Quebec politicians unite behind streamer tax

Members of the province's legislature have voted unanimously for a motion that would see foreign SVODs pay provincial sales tax.
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Less than a week since Heritage Canada’s Creative Canada policy was unveiled, without a provision to tax foreign streamers, Quebec’s political parties have passed a motion to begin taxing online services such as Netflix and Amazon at the provincial level.

On Tuesday at the National Assembly of Quebec, members of the legislature banded together to vote unanimously for a motion to require digital content providers be legally required to pay provincial sales tax.

In session, Quebec finance minister Carlos Leitao argued the issue was a matter of tax fairness for all Canadian companies, not just those in Quebec. Leitao also said that Netflix qualified as a taxable service in the province but that Quebec would require the cooperation of both Netflix and the federal government if it were to impose such a tax. Details on how exactly Quebec would move to take Netflix and other streaming services were not presented and Leitao said in his arguments that the province needed more details on the Netflix-Canada agreement before it moved further on imposing a tax.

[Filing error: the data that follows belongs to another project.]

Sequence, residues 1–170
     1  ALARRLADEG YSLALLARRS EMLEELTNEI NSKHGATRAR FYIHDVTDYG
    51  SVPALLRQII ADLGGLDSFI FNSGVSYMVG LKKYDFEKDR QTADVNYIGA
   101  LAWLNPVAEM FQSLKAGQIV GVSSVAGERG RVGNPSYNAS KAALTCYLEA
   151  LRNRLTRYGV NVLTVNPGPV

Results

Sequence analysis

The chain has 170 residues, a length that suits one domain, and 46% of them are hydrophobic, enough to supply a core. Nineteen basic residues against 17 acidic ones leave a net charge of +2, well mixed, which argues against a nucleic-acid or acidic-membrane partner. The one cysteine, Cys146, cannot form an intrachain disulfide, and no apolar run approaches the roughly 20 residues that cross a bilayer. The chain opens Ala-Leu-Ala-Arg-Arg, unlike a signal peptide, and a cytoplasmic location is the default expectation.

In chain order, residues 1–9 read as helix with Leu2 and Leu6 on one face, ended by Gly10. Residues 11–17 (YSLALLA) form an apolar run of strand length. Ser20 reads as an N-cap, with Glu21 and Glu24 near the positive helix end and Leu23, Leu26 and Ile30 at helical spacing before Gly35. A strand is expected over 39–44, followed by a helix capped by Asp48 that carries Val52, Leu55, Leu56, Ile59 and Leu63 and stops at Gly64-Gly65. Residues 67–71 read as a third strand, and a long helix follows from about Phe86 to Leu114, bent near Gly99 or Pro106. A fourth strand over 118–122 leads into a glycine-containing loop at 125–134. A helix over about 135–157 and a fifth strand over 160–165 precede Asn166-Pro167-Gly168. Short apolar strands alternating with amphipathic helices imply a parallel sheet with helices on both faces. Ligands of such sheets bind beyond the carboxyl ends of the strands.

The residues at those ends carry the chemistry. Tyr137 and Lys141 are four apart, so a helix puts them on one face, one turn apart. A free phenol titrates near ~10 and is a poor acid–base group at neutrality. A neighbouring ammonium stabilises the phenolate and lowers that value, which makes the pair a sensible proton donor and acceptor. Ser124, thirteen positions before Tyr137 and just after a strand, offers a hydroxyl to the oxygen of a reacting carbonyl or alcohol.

However, Leitao also pointed to the agreements that Quebec had come to with businesses such as Airbnb and Uber in securing tax contributions from those two companies.

Last Thursday, the Canadian government’s announcement that Netflix would invest $500 million over five years in original productions in Canada was met with a range of responses from the domestic industry, from excitement over new money to concern over how it would be spent.

Among those responses was that of Quebecor president and CEO Pierre Karl Peladeau, who opposed the move. “Make no mistake: the government’s approach will lead, logically and inevitably, to domination of Canada’s broadcasting ecosystem by U.S. giants. The public broadcaster will be the only remaining domestic player, as the private broadcasters’ manoeuvring room will have been wiped out. Ultimately, local producers, artists, cultural workers and audiences will be the losers,” he said in a statement.